Among many statesmen and policymakers in countries that are closely allied with the United States, there is now a growing sense of concern about the future. The general tenor seems to be that the United States’ “good face” is back, at least for now. But many of its closest partners seem to wonder: Is the United States’ good face good enough?
A MISSION WITHOUT A STRATEGY
Trump not only expressed fulsome praise for some of the world’s most powerful autocrats, at times he also seemed to hope that more foreign leaders would follow in their footsteps. Throughout his tenure, he undermined key parts of the West’s institutional architecture, such as NATO and the European Union. In many countries, he seemed to ally himself with leaders who were intent on undermining their countries’ democratic institutions, such as India’s Narendra Modi or Hungary’s Viktor Orban. Even at home, he practiced what he preached, seeking to politicize independent institutions and pushing back against customary limits on his own power.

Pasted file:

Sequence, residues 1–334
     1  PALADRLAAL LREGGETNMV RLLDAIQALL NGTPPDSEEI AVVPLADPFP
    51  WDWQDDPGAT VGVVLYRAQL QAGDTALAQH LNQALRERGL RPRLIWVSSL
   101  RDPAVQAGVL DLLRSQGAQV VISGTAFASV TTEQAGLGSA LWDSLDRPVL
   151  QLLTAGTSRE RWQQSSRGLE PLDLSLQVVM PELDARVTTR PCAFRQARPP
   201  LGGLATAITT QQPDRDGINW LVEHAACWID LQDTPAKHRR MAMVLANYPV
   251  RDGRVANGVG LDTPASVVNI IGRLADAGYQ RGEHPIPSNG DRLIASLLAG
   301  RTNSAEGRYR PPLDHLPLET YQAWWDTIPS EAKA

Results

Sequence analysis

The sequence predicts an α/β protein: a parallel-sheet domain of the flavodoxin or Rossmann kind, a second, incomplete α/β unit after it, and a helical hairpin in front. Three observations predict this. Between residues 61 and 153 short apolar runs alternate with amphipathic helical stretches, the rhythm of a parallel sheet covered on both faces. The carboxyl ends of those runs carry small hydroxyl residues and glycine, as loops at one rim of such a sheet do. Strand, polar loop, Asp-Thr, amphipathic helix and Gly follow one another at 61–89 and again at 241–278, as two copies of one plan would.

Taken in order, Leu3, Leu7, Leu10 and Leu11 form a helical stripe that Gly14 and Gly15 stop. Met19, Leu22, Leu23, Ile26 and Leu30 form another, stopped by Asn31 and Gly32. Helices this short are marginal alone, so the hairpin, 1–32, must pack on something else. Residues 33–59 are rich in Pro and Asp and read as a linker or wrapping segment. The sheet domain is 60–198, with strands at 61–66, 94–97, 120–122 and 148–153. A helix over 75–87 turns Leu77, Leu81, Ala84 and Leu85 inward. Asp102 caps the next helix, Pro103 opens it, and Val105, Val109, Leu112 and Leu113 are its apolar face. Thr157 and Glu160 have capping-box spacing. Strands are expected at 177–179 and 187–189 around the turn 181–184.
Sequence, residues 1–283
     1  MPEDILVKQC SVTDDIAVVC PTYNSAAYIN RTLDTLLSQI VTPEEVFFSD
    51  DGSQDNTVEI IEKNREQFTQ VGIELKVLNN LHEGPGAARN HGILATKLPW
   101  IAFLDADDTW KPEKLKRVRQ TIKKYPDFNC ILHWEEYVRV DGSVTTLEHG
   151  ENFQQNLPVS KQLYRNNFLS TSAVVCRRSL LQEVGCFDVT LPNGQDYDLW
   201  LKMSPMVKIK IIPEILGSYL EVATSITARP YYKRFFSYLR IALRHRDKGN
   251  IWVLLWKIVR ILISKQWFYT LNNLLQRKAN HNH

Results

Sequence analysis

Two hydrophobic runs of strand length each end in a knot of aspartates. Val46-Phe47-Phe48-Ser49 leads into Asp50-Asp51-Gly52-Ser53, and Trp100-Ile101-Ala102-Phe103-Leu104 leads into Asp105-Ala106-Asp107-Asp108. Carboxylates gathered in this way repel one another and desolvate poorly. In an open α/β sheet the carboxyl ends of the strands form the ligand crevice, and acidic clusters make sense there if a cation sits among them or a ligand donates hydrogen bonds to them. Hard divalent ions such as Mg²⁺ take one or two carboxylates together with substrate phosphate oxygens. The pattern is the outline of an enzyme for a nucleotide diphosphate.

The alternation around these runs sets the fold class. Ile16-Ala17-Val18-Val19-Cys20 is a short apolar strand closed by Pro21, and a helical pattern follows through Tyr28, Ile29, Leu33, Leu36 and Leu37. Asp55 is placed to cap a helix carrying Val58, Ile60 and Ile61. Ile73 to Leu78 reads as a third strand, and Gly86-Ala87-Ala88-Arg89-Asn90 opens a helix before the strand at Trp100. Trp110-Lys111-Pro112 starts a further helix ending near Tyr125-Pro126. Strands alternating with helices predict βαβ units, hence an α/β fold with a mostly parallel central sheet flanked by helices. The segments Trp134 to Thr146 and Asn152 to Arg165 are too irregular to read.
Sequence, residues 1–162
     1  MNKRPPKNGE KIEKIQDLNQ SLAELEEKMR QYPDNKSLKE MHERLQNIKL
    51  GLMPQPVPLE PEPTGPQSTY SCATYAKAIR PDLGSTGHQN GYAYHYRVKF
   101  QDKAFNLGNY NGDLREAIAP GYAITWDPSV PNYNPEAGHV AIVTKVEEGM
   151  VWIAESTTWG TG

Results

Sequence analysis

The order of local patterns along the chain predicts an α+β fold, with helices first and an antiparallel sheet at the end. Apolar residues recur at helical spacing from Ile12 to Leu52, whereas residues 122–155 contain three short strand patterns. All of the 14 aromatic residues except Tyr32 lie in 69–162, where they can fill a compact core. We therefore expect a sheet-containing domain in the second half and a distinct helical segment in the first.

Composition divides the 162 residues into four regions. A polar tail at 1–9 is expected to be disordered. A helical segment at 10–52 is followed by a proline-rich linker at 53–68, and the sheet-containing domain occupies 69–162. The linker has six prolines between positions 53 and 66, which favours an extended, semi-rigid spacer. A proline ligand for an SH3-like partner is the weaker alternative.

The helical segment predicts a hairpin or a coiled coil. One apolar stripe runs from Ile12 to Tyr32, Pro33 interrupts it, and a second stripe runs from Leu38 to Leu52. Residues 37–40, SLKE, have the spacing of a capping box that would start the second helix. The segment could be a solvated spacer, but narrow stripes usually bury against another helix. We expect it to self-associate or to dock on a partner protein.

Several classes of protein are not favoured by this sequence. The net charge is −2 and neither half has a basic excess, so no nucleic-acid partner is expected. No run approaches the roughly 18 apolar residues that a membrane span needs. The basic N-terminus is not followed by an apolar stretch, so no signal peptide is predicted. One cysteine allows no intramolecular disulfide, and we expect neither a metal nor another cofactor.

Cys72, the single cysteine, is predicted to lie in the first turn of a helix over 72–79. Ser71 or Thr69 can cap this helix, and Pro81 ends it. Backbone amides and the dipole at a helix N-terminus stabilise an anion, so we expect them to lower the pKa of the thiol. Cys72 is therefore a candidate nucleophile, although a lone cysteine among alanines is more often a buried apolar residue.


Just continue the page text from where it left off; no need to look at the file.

Here, too, the change of guard in the White House has made a notable difference. It is once again clear that the United States prefers political leaders who strive to make NATO and the EU work. Under Secretary of State Antony Blinken’s leadership, the State Department has become much more active in criticizing assaults on the rule of law or violations of human rights in countries around the world, including those backsliding democracies that are allied with the United States. The Biden administration’s desire to engage in “democracy protection” is not in doubt. What is less clear, however, is whether it has developed any meaningful strategy for how to accomplish such a difficult task.